Lytha nodded and reached toward Garyl again. This time, the night folk didn’t try to escape. The healer pried open his mouth, removed the blood-soaked cloth inside, and inspected the inside. She grimaced as she looked at the damage, then began rummaging through her satchel for the proper medicine.
Garyl tried to click his tongue experimentally. He felt the muscle respond, but didn’t feel it touch his teeth or the roof of his mouth. In his vain attempt to escape, he had only wound up creating a phantom limb.
Lytha drew forth a bottle of inky black liquid. She removed the stopper from the vial and then placed the fingers of her free hand between his teeth to pry his mouth open. Garyl almost bit down reflexively, but forced himself to remain still during the procedure.
The healer raised the bottle to Garyl’s lips and titled it just enough to send a few small drops into his mouth. Her lips mouthed numbers as she counted silently to herself. When she had placed five drops inside, she forced Garyl’s mouth closed and whispered an incantation.
Nothing happened at first, but Lytha still packed up her supplies and retreated to the cell door, taking her place next to Shandalar. Then Garyl began to feel something.
His mouth burned as though he had eaten an extremely hot pepper. He had little trouble tuning out the initial pain, but it grew by the second. Muscles in his throat and neck contracted, forcing his face into a devilish sort of grin. Then he fell onto his back as spasms racked his body.
“This is normal?” asked Shandalar in a tone of mild concern.
“Yes,” Lytha responded. “With a wound so severe, the recovery is never very pleasant.”
A howl of pain escaped from Garyl’s lips. He forced his mouth shut, but the agony still escaped, creating a hissing noise between his clenched teeth. A sudden swelling at the back of his mouth momentarily blocked off his breathing, but the sense of asphyxiation vanished within a few seconds. When it disappeared, Garyl felt his tongue, previously severed and swallowed, touch the roof of his mouth.
“Sh-sh-shhh…” he began. In a different situation, he might have rejoiced to find himself capable of making such a sound—he had legitimately believed that he would never talk again, even if he did survive his injury. “Shandalar,” he finally gurgled as the power of speech returned to him in full. “You should run far from here Shandalar, because I’m going to kill you.”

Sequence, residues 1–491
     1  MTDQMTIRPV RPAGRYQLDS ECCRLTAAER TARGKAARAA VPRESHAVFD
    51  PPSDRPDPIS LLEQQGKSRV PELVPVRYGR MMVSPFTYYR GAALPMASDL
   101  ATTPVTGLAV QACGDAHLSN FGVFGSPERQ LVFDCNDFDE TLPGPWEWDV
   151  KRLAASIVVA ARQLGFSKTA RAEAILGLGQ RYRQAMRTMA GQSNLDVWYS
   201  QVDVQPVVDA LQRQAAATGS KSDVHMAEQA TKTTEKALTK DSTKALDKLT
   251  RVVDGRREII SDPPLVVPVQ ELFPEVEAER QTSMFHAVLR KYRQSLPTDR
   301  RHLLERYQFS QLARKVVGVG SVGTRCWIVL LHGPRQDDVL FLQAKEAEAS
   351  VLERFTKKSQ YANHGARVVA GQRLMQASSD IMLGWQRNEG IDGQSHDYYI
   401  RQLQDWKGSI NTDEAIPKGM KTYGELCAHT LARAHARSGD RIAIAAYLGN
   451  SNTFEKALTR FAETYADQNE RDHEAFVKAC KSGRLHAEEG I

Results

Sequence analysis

Shandalar shook his head as though he had just been threatened by a child. With a single word and a wave of his hand, he cast a spell that left Garyl’s muscles frozen. The night folk fell on his back again, and it took all of his effort to keep himself from choking on his newly-grown tongue.
“You can certainly try once you’re free from here,” Shandalar said in a low tone as he knelt by the paralyzed Garyl’s side. “You would be smarter to leave this land behind once I set you free. But you won’t even get the opportunity to do so if you don’t start giving me information.”
He snapped his fingers, and Garyl found that he could move once again. He didn’t make any attempt to follow through on his threat to Shandalar, however. His muscles ached too much for him to do more than lie on the ground and gasp for air.
Turning his lip upward in a sneer of disgust, Shandalar stood up and walked to the cell’s entrance. He ushered Lytha out, then closed the door once they had both exited the prison.
“The world of Niiran holds many threats, some of which find their way into Lorinth,” Shandalar said to Lytha in the tone of an instructor teaching a lesson to a student. “As headmaster of this academy, it is my job to ascertain the full scale of these threats before I make a report to the city council. I appreciate your aid as a healer, but I also ask that you respect the need for confidentiality in this matter. I would hate for the students or your fellow teachers to panic before we know for sure whether this creature has allies and their numbers.”
“Of course, Headmaster,” Lytha responded obediently. She didn’t look back at Garyl as Shandalar led her away from the dungeon.
Several hours later, Garyl had completed the laborious process of moving from his place on the floor to the cot in his cell. Weak with hunger and loss of blood, he barely reacted when he heard footsteps coming toward him. However, he did jerk his head up when those steps passed right by his cell door and abruptly stopped further down the hall. Suspicious of the noise, he watched the narrow door of his cells for long, silent minutes. He kept his gaze steady when he heard another set of footsteps coming from the same direction as the first. This time, the visitor stopped in front of Garyl’s cell. Shandlar fished a key out of his pocket, placed it in the lock, and entered Garyl’s prison.
“You look puzzled, cithrau,” the headmaster stated. “Does something perplex you?”